Saturday, December 25, 2010

Finding Life

Evolution really is one of the greatest things human beings ever came up with.

It, quite neatly, answers many of the questions people for thousands of years used God for, so neatly that, for people like Richard Dawkins, God has become quite unnecessary.

Dawkins is an evolutionary biologist.  I consider myself an evolutionist, although not nearly as well studied as Dawkins.

While evolution does a great job at explaining the breadth and depth and diversity of life on earth in a way that makes God quite unnecessary, there is an important step that both Dawkins and Darwin rarely ever mention, a step so important that it threatens to bring God back into the equation, that is: once you have a genome evolution explains it all, but how do you get a genome?  How do you get life from non-life?

There are a number of theories on this, but if you're dealing with an honest scientist he'll admit none of them are quite complete and have a number of short comings, among them are:

Whatever theory you have on the origin of life, they all lack evidence.  While we have evidence for any number of, what we consider, very primitive life forms, they're still life forms, we don't have any fossil or contemporary evidence explaining how they came from lifeless chemicals.

Similarly, and most confoundedly, whatever caused life to come from non-life, it seems to have stopped happening.  If it were a natural process, you'd think we could witness it happening even now, but we don't.

There have been a number of, what were thought at the time, very likely candidates, but they all proved insufficient.

One was lightning.  During the electric age of Tesla and Edison, many scientists believed life arose from lighting striking the ocean, and indeed lighting on water does some very remarkable things to the chemistry of the water, but it doesn't produce life.

Another likely, more recent, candidate was the volcanic vents at the bottom of the ocean.  These were very promising because the local chemistry and the temperature and the water pressure produced something very like amino acids, and amino acids are the building blocks of the genome.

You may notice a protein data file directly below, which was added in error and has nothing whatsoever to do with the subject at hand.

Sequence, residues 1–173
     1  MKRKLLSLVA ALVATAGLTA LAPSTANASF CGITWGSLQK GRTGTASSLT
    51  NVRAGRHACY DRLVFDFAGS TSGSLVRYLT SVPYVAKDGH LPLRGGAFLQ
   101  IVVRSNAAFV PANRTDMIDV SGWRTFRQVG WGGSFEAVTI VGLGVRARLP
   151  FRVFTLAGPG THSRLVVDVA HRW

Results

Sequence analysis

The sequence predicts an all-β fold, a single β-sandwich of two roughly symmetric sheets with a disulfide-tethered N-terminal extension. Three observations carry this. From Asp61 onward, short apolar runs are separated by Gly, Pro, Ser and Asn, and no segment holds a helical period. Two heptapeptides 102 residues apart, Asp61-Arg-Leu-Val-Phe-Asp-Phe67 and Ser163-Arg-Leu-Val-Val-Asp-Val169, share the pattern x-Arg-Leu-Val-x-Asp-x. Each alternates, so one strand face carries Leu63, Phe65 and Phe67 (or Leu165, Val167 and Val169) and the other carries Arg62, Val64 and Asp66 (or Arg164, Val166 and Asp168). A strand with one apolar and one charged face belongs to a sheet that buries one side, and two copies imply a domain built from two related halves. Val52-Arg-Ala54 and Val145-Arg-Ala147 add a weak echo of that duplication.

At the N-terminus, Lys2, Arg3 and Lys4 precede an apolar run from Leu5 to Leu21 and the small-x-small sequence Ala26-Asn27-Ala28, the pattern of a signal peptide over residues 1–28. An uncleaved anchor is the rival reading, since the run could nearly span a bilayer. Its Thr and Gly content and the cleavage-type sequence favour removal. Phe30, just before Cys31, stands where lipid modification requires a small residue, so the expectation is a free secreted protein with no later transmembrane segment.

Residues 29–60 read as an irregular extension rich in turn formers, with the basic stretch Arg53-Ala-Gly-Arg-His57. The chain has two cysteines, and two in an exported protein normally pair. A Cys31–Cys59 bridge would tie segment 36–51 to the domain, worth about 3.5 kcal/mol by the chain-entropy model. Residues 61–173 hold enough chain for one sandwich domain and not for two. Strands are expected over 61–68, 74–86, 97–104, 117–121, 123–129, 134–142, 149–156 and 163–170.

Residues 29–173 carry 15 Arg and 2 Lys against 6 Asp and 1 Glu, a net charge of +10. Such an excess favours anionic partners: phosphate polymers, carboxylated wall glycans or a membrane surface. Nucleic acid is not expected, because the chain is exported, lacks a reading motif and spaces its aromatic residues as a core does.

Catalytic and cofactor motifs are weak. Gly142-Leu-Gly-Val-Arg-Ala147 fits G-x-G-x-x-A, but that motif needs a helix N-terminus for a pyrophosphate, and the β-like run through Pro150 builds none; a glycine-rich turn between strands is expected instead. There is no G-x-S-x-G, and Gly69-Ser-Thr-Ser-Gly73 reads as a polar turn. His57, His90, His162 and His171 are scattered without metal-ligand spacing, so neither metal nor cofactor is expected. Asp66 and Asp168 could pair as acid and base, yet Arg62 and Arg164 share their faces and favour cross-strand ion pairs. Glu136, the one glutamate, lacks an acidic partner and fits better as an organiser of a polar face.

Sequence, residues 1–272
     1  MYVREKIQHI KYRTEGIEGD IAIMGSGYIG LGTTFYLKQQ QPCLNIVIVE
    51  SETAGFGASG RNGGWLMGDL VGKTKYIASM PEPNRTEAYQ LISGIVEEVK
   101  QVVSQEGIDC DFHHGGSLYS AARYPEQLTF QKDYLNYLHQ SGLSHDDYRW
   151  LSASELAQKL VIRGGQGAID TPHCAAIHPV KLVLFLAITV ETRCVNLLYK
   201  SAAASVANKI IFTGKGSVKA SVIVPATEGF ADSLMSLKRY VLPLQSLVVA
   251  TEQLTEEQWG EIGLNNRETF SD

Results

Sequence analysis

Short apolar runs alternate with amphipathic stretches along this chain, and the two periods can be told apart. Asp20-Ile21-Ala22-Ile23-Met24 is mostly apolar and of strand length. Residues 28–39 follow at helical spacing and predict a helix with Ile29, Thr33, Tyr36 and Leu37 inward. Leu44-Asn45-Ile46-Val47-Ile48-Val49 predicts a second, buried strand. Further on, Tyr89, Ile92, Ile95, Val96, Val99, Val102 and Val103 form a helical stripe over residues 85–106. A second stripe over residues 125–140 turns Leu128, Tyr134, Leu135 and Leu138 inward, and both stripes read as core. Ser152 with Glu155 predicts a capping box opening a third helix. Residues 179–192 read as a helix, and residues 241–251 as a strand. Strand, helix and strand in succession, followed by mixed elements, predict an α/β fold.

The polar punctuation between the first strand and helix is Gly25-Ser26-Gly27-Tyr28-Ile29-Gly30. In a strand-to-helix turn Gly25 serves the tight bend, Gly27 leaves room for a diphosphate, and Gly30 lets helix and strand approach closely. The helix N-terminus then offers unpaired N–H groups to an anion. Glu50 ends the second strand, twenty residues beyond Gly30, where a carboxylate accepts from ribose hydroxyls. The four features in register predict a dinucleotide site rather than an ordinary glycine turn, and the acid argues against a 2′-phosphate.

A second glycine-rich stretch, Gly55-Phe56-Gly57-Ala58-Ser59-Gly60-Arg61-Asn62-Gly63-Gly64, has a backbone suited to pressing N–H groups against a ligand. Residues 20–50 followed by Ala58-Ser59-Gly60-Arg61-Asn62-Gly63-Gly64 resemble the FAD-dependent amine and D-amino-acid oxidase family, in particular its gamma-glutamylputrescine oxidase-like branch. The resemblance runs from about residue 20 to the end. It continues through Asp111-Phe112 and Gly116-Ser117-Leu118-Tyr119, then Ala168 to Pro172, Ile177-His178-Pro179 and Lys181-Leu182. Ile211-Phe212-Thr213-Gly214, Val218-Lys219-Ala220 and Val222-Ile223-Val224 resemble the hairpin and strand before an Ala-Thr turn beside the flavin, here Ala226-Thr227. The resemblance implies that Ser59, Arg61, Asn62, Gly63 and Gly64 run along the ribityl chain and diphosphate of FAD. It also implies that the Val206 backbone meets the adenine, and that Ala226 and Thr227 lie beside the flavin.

The phenomenon was studied closely for almost fifty years, but there was a problem, creating chemicals very like amino acids was as close as it got, there were no further developments after that, no chain leading to life.  If life once came from these deep-water volcanic vents, it's not happening now.

Even more recently, a tantalizing meteorite from Mars revealed evidence for what might have been genetic material within it.  Perhaps we don't see evidence for the beginning of life here on Earth because it didn't happen on Earth, it came here from outer space.  Perhaps life was seeded  here, accidentally by natural forces or intentionally by intelligent extra terrestrial beings.

That's still not an answer though, it just moves the question of how life began from here to Mars.  Whatever it was must have happened there.

Until we can answer the question of how life arose from non-life, it might be premature to dismiss the concept of a creator God.  Many scientists, like Dawkins, would answer me saying, science may not have these answers now, but they have complete faith it will develop them.  I would argue, that this faith in science answering all questions is not all-together different from religious people who believe God will one day answer all questions.  Perhaps it will, but don't count your chickens before they're hatched.

The story in Genesis of God creating life from dust is unlikely in the highest degree, but, for the moment, it comes as close to an explanation as science does.  Perhaps the Genesis story works, not as a scientific delineation for creating life (which bronze age people lacked the ability to understand anyway) but a metaphoric explanation meant for the ages.

We know that life came from dust or water or mud or some simple lifeless matter, but we don't know how.  Perhaps calling the process, whatever it is, the breath of God is as close as we're going to get for a while, and even when we do one day know how it happened, can you really say it wasn't the hand of God doing it?

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